Saturday, August 15, 2009

NPR's Top 100 Beach Books

In an act of blatant thievery, I just stole this list off of Daphne's blog. Books highlighted in green are ones that I've read.

1. The Harry Potter series, by J.K. Rowling(technically I've only read the first four but I sort of feel that if I've read one, I've read them all)

2. To Kill a Mockingbird, by Harper Lee

3. The Kite Runner, by Khaled Hosseini

4. Bridget Jones's Diary, by Helen Fielding

5. Pride and Prejudice, by Jane Austen

6. Divine Secrets of the Ya-Ya Sisterhood, by Rebecca Wells

7. The Great Gatsby, by F. Scott Fitzgerald

8. The Hitchhiker's Guide to the Galaxy, by Douglas Adams

9. Fried Green Tomatoes at the Whistle Stop Cafe, by Fannie Flagg

10. The Poisonwood Bible, by Barbara Kingsolver

11. The Time Traveler's Wife, by Audrey Niffenegger

12. Life of Pi, by Yann Martel

13. The Joy Luck Club, by Amy Tan

14. The Hobbit, by J.R.R. Tolkien

15. The Catcher in the Rye, by J.D. Salinger (Love this book.)

16. Gone with the Wind, by Margaret Mitchell

17. Bel Canto, by Ann Patchett

18. The Lord of the Rings, by J.R.R. Tolkien

19. Middlesex, by Jeffrey Eugenides

20. Water for Elephants, by Sara Gruen

21. The Adventures of Huckleberry Finn, by Mark Twain

22. The Bean Trees, by Barbara Kingsolver

23. The No. 1 Ladies' Detective Agency, by Alexander McCall Smith

24. The World According to Garp, by John Irving

25. Catch-22, by Joseph Heller

26. The Prince of Tides, by Pat Conroy

27. Like Water for Chocolate, by Laura Esquivel

28. The Princess Bride, by William Goldman

29. The Accidental Tourist, by Anne Tyler

30. Twilight, by Stephenie Meyer

31. A Confederacy of Dunces, by John Kennedy Toole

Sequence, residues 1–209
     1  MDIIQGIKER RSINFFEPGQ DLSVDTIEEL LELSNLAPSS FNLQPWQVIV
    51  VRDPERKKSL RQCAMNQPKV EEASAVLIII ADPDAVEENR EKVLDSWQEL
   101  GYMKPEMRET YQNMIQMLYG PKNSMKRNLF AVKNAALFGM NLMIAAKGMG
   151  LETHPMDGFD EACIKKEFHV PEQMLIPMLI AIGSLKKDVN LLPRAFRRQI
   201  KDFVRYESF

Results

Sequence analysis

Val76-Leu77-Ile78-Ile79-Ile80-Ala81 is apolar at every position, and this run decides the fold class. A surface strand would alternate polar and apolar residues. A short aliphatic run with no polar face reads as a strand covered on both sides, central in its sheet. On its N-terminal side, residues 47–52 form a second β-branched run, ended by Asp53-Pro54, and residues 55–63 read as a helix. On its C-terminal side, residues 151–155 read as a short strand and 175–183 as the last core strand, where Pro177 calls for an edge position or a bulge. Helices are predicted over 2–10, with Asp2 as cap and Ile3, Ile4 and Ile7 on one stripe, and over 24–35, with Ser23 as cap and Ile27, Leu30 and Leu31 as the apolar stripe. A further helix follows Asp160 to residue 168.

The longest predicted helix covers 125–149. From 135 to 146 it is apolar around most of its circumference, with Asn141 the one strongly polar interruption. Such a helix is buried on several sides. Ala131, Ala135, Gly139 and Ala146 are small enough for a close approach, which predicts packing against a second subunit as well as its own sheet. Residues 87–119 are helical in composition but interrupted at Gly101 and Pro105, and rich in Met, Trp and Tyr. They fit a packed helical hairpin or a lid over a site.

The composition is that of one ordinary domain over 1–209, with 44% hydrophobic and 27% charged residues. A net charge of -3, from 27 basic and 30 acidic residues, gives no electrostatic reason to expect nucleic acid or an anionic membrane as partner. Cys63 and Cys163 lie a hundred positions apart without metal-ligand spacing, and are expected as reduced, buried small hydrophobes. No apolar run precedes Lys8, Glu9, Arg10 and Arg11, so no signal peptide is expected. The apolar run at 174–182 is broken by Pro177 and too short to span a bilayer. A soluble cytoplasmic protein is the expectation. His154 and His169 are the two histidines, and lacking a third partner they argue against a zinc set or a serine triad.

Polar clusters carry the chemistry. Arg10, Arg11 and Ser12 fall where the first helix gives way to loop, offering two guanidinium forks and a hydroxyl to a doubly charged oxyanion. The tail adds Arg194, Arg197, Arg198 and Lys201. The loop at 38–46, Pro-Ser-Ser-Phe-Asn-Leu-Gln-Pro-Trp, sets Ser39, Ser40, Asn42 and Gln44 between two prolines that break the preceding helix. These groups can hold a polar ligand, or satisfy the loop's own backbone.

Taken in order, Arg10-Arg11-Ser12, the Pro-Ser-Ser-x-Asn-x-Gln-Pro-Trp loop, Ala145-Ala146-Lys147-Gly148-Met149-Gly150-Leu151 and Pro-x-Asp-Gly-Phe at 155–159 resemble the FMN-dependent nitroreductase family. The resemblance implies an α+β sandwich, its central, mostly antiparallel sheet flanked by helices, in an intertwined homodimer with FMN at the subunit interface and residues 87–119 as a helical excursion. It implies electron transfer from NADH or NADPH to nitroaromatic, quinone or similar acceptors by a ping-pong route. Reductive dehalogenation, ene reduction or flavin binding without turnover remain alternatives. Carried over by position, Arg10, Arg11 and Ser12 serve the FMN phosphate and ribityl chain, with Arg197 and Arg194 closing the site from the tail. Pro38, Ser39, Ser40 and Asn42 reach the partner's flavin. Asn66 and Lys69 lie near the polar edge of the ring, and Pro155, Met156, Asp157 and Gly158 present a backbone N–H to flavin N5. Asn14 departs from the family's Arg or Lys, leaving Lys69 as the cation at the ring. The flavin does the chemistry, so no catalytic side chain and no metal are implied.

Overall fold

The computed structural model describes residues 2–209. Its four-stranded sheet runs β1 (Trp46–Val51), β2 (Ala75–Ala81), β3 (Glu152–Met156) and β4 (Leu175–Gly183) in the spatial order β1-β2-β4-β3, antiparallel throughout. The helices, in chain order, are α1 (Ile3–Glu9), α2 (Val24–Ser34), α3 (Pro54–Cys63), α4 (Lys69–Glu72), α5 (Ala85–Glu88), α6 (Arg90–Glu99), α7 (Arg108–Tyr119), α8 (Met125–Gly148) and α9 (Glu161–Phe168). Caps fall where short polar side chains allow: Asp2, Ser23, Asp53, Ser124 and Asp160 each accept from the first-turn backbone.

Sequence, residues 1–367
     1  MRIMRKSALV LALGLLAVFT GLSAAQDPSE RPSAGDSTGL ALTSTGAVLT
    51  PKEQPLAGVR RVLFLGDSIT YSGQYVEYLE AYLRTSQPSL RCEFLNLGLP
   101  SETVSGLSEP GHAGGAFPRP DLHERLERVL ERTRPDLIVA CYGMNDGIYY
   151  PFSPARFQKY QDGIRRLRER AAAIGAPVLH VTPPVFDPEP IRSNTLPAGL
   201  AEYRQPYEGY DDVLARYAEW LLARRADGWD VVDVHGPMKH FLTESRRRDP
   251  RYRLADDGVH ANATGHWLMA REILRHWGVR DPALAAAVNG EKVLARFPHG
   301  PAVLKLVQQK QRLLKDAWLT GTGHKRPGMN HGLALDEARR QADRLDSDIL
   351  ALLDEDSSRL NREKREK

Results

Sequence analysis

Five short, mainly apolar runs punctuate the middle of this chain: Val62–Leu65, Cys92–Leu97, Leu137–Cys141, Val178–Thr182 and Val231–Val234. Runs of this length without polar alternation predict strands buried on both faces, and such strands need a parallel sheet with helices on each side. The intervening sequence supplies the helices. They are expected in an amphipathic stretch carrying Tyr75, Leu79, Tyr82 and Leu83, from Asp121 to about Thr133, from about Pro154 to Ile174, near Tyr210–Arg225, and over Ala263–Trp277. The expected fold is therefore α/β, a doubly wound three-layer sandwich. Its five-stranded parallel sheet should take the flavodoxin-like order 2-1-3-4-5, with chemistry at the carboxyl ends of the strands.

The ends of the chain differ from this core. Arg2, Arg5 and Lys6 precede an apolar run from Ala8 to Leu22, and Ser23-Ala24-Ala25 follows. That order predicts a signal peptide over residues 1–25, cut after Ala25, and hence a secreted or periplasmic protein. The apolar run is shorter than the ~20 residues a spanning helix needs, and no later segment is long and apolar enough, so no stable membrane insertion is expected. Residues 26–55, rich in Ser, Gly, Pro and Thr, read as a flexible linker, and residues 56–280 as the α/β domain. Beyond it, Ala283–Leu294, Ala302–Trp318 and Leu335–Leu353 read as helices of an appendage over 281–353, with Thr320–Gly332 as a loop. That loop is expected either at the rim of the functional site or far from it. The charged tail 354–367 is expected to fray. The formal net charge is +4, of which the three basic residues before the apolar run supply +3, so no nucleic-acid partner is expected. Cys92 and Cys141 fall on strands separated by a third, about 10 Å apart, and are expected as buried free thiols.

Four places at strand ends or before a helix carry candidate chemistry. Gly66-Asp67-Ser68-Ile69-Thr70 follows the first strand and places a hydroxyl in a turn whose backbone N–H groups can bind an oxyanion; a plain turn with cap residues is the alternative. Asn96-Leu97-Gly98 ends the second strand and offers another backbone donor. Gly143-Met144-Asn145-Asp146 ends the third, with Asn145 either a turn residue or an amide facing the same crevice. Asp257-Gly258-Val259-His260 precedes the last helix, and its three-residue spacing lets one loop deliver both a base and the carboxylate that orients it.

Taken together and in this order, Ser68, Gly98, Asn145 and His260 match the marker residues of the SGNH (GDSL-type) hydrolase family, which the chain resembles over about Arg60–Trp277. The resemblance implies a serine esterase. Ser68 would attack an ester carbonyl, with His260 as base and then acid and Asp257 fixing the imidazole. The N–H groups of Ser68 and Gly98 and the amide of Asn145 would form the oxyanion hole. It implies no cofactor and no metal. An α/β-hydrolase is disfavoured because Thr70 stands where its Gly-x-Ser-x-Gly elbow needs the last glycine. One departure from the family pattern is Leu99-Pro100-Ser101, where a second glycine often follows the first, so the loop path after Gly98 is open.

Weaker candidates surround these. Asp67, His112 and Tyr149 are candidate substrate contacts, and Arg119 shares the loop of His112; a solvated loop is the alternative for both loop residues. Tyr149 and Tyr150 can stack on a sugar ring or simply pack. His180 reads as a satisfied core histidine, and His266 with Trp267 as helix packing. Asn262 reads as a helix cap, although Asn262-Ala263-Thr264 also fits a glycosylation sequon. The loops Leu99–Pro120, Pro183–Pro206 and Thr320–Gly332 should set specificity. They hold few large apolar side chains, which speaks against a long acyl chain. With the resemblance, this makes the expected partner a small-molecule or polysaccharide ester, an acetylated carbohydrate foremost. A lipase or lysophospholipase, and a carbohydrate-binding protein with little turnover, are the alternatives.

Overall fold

32. East of Eden, by John Steinbeck

33. The Red Tent, by Anita Diamant

34. Beach Music, by Pat Conroy

35. One Hundred Years of Solitude, by Gabriel Garcia Marquez

36. Rebecca, by Daphne Du Maurier

37. Ender's Game, by Orson Scott Card

38. Lonesome Dove, by Larry McMurtry

39. The Thorn Birds, by Colleen McCullough

40. The Amazing Adventures of Kavalier & Clay, by Michael Chabon

41. Pillars of the Earth, by Ken Follett

42. Anna Karenina, by Leo Tolstoy

43. Interview with the Vampire, by Anne Rice

44. Cold Mountain, by Charles Frazier

45. Empire Falls, by Richard Russo

46. Under the Tuscan Sun, by Frances Mayes

47. The Count of Monte Cristo, by Alexandre Dumas

48. Even Cowgirls Get the Blues, by Tom Robbins

49. I Know This Much Is True, by Wally Lamb

50. Murder on the Orient Express, by Agatha Christie

51. Little Women, by Louisa May Alcott

52. The Stand, by Stephen King

53. She's Come Undone, by Wally Lamb

54. Dune, by Frank Herbert

55. The Guernsey Literary and Potato Peel Pie Society, by Mary Ann Shaffer and Annie Barrows

56. Love in the Time of Cholera, by Gabriel Garcia Marquez

57. Alice's Adventures in Wonderland, by Lewis Carroll

58. Lolita, by Vladimir Nabokov

59. The Godfather, by Mario Puzo

60. A Tree Grows in Brooklyn, by Betty Smith

61. Animal Dreams, by Barbara Kingsolver

62. Jaws, by Peter Benchley

63. Good in Bed, by Jennifer Weiner

64. Angle of Repose, by Wallace Stegner

65. Snow Falling on Cedars, by David Guterson

66. The Old Man and the Sea, by Ernest Hemingway

67. The Fountainhead, by Ayn Rand

68. Breakfast of Champions, by Kurt Vonnegut

69. Cat's Cradle, by Kurt Vonnegut

70. The Big Sleep, by Raymond Chandler

71. The Sun Also Rises, by Ernest Hemingway

72. The Hunt for Red October, by Tom Clancy

73. Cold Sassy Tree, by Olive Ann Burns

74. The Lord of the Flies, by William Golding

74. Bonfire of the Vanities, by Tom Wolfe [tie]

76. Wuthering Heights, by Emily Bronte

77. Outlander, by Diana Gabaldon

78. The Shell Seekers, by Rosamunde Pilcher

79. Prodigal Summer, by Barbara Kingsolver

80. Eye of the Needle, by Ken Follett

81. Cannery Row, by John Steinbeck (Although this one was read in high school and I couldn't tell you a single thing about it.)

81. The Pilot's Wife, by Anita Shreve [tie]

83. All the Pretty Horses, by Cormac McCarthy

84. The Girl with the Dragon Tattoo, by Stieg Larsson

85. The Little Prince, by Antoine De Saint-Exupery

86. The Road, by Cormac McCarthy

87. One for the Money, by Janet Evanovich

88. Shogun, by James Clavell

89. Dracula, by Bram Stoker

90. The Unbearable Lightness of Being, by Milan Kundera

91. Presumed Innocent, by Scott Turow

92. Franny and Zooey, by J.D. Salinger

93. The Secret History, by Donna Tartt

94. Dead Until Dark, by Charlaine Harris

95. Summer Sisters, by Judy Blume